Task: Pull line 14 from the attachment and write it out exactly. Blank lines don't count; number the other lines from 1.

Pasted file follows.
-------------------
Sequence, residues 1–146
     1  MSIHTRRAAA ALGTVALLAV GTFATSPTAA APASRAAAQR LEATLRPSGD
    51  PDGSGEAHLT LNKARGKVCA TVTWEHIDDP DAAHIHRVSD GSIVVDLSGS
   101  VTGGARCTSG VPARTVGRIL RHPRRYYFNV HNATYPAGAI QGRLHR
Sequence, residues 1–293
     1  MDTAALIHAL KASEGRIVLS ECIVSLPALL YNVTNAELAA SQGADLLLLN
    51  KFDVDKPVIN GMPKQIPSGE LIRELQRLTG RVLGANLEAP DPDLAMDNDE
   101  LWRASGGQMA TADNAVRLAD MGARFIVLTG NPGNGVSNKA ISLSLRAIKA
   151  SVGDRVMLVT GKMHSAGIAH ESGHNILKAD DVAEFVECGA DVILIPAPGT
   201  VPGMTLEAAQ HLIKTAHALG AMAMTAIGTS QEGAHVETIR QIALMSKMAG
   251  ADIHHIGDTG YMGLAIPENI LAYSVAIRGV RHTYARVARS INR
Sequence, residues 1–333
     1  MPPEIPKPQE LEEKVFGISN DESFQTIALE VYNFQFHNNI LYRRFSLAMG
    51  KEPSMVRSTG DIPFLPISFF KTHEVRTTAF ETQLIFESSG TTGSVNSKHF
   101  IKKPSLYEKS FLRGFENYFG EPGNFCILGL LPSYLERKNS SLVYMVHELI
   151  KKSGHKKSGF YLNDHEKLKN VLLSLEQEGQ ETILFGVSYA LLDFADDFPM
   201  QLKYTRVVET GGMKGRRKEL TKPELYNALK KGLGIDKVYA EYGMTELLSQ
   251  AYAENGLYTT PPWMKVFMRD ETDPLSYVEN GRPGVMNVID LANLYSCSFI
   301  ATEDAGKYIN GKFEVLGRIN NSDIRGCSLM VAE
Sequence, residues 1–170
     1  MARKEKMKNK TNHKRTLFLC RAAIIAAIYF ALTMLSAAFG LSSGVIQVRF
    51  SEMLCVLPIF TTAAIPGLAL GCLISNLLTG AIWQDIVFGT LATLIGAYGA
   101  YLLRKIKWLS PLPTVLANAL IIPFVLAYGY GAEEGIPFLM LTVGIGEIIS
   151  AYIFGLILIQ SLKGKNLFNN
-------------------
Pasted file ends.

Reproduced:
    51  KEPSMVRSTG DIPFLPISFF KTHEVRTTAF ETQLIFESSG TTGSVNSKHF